If you are facing criminal charges for murder, it may be possible to negotiate a plea to volunteer manslaughter, or convince the jury at trial that you are only guilty of voluntary manslaughter, and not murder. Voluntary manslaughter is a lesser-included offense of murder and has a much lower punishment.
At the Castillo Law Office, our Oakland criminal defense attorney Ernesto Castillo has years of experience negotiating and bringing to jury trial some of the toughest Oakland and San Francisco Bay Area cases involving murder and voluntary manslaughter. Voluntary manslaughter cases have high stakes and take particular knowledge and skill to win; you need an experienced and aggressive attorney at your side to prevail.
The best defense to a murder charge is self-defense. When the killing is done in self-defense - where there was a reasonable belief that the defendant or someone close to him or her was in danger - the defendant has a complete defense to a homicide charge. However, a voluntary manslaughter defense can also reduce the life-altering consequences of a murder conviction.
Under Penal Code section 192, voluntary manslaughter is defined as the unlawful, intentional killing of a human being "upon a sudden quarrel or heat of passion." To avoid a voluntary manslaughter verdict, the district attorney must be able to convince the jury beyond a reasonable doubt that the murder did not happen because of a sudden quarrel or heat of passion. Said another way, the district attorney must prove there was no provocation due to a sudden quarrel or heat of passion. The final requirement for voluntary manslaughter is that the time between the provocation and the subsequent killing must be short enough that there was no time to cool off. A long period of time to cool off after the provocation will eliminate voluntary manslaughter as an option.
A voluntary manslaughter conviction is a much better result than a first or second-degree murder conviction. Second-degree murder is punished, at minimum, by a sentence of 15 years to life in prison, and first-degree murder is punished by a minimum sentence of 25 years to life in prison. First-degree murder is also eligible for the death penalty. Even if a person serves 25 years in prison on a first-degree murder conviction, there is no guarantee that the parole board will let the person out of prison at that time. In contrast, voluntary manslaughter is only punishable by a state prison sentence of three, six, or eleven years. Beyond the benefit of a much shorter sentence, since there is no life in prison term there is no need to worry about a hearing with the parole board.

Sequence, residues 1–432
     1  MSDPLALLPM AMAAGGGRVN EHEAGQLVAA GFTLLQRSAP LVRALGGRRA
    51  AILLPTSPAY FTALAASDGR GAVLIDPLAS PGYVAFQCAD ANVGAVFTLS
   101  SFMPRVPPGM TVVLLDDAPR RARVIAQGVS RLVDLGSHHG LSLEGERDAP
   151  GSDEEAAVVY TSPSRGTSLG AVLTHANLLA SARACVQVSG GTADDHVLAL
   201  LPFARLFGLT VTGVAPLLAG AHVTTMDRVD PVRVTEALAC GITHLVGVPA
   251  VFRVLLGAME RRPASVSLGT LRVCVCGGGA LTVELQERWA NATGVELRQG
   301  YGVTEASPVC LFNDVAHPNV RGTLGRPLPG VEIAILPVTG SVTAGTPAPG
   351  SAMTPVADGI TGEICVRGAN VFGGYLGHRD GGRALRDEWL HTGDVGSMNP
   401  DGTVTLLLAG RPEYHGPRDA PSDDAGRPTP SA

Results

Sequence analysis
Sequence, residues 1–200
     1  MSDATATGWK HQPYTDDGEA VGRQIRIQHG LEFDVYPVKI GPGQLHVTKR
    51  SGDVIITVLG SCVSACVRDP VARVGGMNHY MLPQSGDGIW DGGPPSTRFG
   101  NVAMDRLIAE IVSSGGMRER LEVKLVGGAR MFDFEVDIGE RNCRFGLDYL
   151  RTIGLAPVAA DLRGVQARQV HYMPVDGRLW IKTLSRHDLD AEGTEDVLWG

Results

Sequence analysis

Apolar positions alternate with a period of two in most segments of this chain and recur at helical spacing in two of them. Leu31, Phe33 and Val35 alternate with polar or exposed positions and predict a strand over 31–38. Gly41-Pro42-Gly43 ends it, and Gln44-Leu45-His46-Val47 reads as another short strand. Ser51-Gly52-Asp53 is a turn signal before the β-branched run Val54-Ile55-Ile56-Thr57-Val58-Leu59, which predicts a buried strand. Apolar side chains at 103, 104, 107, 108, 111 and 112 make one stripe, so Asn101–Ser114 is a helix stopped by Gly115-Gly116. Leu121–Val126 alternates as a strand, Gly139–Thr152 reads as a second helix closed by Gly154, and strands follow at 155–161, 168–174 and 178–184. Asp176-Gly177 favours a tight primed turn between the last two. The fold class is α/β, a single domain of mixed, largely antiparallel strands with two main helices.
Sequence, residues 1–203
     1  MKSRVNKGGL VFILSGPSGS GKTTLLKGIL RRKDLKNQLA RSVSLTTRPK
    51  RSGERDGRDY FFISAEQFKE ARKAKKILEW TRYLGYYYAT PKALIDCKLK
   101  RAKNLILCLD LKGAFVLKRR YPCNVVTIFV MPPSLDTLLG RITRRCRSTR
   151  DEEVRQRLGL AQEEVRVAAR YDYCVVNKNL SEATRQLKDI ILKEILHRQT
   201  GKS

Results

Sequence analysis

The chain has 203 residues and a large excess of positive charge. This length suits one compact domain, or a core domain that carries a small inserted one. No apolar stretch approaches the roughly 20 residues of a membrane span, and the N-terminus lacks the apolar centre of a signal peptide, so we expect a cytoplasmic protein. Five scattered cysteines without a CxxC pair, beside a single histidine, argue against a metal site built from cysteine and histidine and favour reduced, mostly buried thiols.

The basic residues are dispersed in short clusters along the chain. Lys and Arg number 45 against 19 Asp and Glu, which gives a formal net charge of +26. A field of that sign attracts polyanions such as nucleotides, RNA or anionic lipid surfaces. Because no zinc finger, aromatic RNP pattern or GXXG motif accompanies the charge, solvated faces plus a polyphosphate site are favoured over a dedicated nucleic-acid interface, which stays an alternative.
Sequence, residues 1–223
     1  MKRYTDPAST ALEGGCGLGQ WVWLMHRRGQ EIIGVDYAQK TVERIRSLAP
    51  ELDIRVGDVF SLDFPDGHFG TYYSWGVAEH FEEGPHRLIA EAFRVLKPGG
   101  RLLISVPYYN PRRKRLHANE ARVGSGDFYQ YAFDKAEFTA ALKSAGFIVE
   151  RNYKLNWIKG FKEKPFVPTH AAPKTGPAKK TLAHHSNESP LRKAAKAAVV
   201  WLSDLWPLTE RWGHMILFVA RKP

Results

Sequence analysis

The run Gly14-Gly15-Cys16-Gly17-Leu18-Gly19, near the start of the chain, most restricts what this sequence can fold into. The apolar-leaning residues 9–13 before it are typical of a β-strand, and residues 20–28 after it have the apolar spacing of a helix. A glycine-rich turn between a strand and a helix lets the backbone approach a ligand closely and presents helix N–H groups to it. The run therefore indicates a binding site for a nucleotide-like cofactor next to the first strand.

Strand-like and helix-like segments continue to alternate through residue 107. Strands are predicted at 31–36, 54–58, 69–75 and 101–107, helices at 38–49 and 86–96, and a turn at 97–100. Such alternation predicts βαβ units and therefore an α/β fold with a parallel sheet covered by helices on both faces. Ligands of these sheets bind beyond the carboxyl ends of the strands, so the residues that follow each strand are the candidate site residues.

The key to a voluntary manslaughter case is developing the facts for "a sudden quarrel or heat of passion." A recent case, People v. People v. Franklin (2014) (2014) in the First District Court of Appeal, the appellate court that decides appeals cases for Alameda County, Contra Costa County, and San Francisco County, outlined the standard for voluntary manslaughter, found in California jury instruction CalCrim 570:
The provocative conduct by the victim may be physical or verbal, but the conduct must be sufficiently provocative that it would cause an ordinary person of average disposition to act rashly or without due deliberation and reflection." (People v. Lee (1999) 20 Cal.4th 47, 59.)
In Franklin, the victim, a rival gang member, cussed at the brother of Franklin and Franklin himself. This was insufficient provocation. In addition, although the victim's gang had harassed Franklin in the past, there was no proof that the victim was involved in the harassment, and the harassment had occurred a long time before the swear words, so there was time to cool off. The case could have been eligible for voluntary manslaughter if the victim had been involved in prior attacks on the defendant or his family, and if the victim had insulted the defendant in a more harsh manner.
As shown above, a voluntary manslaughter charge is very fact sensitive, and can involve a number of different scenarios, like discovering a lover who is cheating, being threatened with violence, or being the victim of a crime. Oakland criminal defense lawyer Ernesto Castillo has years of experience dealing with murder cases - both negotiation and trial - and he consults with experts on investigation, ballistics, and crime scenes to prove a murder was voluntary manslaughter. If you are charged with murder, you need an attorney with unique experience in this field to succeed.
We have that experience. Contact the Castillo Law Office today for a free consultation.